Consumer & Gadgets

Facebook customizes augmented reality to the flick of a wrist

Fresh off its recent augmented reality (AR) kick, Facebook Labs has revealed plans to curate this AI software for wearable devices. Projected as a shorter-term goal than the previously announced AR glasses, this wrist-based ...

Software

Cleaning up noisy photos

Researchers writing in the International Journal of Arts and Technology, have proposed the use of the affine transformation to improve the performance of the edge fusion algorithms for removing noise from digital photographs, ...

Electronics & Semiconductors

Darkness from light

Microresonators are small glass structures in which light can circulate and build up in intensity. Due to material imperfections, some amount of light is reflected backwards, which is disturbing their function. Researchers ...

Engineering

Army computer models unveil secret to quieter small drones

It's no secret the U.S. Army wants its small unmanned aerial systems to operate quietly in densely-populated regions, but tests to achieve this can be expensive, time-consuming and labor-intensive according to researchers.

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Noise

In common use, the word noise means any unwanted sound. In both analog and digital electronics, noise is random unwanted perturbation to a wanted signal; it is called noise as a generalisation of the acoustic noise ("static") heard when listening to a weak radio transmission with significant electrical noise. Signal noise is heard as acoustic noise if the signal is converted into sound (e.g., played through a loudspeaker); it manifests as "snow" on a television or video image. High noise levels can block, distort, change or interfere with the meaning of a message in human, animal and electronic communication.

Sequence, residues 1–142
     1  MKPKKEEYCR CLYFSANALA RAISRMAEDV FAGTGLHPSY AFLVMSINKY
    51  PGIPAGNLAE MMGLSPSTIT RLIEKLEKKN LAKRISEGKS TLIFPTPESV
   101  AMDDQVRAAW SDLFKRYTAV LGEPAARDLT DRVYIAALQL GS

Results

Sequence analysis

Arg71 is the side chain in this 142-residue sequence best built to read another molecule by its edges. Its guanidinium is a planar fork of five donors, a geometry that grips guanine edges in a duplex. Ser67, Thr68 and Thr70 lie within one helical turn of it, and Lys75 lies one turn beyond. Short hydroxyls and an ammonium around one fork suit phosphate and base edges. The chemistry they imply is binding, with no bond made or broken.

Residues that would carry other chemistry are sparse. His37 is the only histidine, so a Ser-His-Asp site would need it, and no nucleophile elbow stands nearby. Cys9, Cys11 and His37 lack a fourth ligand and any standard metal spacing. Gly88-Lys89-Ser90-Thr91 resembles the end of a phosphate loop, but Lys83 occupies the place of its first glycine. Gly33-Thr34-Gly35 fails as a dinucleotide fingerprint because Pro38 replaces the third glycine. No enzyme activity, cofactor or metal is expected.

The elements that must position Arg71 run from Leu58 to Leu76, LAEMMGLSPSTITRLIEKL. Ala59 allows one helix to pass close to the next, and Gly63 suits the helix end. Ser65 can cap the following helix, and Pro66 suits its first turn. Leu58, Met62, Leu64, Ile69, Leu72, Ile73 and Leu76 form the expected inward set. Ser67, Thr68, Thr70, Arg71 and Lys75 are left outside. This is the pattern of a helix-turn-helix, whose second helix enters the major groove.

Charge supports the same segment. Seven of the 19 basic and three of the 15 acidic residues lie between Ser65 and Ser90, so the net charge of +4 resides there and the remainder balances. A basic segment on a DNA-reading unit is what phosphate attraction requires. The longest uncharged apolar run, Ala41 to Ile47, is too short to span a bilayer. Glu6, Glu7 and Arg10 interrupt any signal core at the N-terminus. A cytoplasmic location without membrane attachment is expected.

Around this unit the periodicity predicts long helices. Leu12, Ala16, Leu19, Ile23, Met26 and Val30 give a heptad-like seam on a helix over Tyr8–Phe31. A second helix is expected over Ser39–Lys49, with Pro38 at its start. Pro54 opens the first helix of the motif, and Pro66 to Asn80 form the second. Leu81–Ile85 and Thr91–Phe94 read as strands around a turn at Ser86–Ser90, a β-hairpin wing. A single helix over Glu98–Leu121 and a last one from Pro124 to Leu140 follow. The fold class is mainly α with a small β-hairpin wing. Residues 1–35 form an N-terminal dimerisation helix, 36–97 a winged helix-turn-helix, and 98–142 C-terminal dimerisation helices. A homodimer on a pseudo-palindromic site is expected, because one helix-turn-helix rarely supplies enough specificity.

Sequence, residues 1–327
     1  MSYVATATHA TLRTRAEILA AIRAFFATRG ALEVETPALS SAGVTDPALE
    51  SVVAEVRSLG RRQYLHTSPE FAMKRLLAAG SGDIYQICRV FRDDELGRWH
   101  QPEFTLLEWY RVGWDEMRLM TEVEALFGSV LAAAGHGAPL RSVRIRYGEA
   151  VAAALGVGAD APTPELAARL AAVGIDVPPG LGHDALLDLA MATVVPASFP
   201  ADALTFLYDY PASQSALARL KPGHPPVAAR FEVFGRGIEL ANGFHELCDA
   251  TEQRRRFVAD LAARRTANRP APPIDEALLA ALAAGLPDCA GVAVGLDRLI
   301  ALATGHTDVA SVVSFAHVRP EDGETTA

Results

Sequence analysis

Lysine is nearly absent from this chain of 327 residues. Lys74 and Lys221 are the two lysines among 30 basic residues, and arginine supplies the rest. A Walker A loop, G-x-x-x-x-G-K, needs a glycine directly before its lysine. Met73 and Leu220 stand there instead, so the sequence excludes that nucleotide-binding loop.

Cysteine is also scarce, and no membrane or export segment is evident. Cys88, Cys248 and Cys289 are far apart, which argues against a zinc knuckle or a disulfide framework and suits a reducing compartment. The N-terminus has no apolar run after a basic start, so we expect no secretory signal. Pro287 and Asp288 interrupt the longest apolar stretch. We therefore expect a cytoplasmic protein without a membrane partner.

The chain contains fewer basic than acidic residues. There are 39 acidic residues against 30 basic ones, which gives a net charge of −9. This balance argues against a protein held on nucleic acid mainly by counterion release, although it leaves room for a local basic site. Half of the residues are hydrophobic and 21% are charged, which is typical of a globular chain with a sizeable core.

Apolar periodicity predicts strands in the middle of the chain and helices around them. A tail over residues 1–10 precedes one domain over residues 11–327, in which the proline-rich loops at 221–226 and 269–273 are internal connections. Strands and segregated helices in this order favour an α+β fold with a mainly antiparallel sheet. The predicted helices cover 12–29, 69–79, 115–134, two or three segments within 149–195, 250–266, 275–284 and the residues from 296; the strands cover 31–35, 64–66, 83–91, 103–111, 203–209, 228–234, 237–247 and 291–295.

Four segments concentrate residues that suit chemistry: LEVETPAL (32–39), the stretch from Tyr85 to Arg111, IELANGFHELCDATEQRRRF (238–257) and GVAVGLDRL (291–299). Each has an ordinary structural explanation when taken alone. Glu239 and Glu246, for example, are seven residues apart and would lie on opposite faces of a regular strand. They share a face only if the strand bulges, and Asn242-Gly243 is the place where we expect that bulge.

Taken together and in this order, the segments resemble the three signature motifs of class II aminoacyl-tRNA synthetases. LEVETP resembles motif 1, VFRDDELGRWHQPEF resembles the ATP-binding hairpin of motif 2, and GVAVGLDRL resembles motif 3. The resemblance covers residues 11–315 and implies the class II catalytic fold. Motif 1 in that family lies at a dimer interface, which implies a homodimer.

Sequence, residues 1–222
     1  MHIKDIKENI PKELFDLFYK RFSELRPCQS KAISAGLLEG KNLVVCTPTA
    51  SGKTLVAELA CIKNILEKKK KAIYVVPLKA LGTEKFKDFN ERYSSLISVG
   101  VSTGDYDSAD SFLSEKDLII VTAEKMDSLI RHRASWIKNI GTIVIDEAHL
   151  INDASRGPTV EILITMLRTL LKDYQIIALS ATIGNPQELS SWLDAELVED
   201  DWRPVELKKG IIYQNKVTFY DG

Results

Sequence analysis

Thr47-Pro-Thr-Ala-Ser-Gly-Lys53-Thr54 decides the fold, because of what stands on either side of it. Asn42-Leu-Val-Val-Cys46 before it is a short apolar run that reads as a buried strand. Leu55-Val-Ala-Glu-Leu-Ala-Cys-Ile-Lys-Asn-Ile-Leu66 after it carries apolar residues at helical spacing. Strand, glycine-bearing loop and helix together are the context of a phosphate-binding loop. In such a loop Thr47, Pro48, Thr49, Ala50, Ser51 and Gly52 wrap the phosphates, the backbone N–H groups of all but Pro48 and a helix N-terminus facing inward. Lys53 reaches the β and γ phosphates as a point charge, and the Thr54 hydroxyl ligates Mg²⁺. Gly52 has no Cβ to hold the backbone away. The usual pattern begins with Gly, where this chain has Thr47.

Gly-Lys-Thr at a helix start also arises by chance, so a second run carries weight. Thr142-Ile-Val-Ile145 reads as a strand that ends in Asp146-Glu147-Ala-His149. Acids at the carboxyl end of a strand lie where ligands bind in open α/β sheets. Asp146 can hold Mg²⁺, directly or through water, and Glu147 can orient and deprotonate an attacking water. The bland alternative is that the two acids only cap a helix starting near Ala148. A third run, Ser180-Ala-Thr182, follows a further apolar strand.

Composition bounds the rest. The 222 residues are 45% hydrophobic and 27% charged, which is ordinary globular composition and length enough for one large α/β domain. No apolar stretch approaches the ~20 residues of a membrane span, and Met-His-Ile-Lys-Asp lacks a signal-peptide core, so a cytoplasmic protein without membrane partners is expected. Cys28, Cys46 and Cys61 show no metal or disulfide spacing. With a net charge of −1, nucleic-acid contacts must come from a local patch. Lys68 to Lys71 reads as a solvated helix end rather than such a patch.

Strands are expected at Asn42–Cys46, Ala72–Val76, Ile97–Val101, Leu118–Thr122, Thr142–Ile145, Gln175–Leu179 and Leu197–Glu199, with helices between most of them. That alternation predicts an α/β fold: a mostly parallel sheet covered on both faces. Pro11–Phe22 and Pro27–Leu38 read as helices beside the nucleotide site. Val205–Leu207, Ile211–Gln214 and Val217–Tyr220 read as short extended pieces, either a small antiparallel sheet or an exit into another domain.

In signal processing or computing it can be considered random unwanted data without meaning; that is, data that is not being used to transmit a signal, but is simply produced as an unwanted by-product of other activities. "Signal-to-noise ratio" is sometimes used to refer to the ratio of useful to irrelevant information in an exchange.

In biology, noise can describe the variability of a measurement around the mean, for example transcriptional noise describes the variability in gene activity between cells in a population.

In many cases, the special case of thermal noise arises, which sets a fundamental lower limit to what can be measured or signaled and is related to basic physical processes described by thermodynamics, some of which are expressible by simple formulae.

In some fields, noise means unwanted information or data that is not relevant to the hypothesis or theory being investigated or tested.

This text uses material from Wikipedia, licensed under CC BY-SA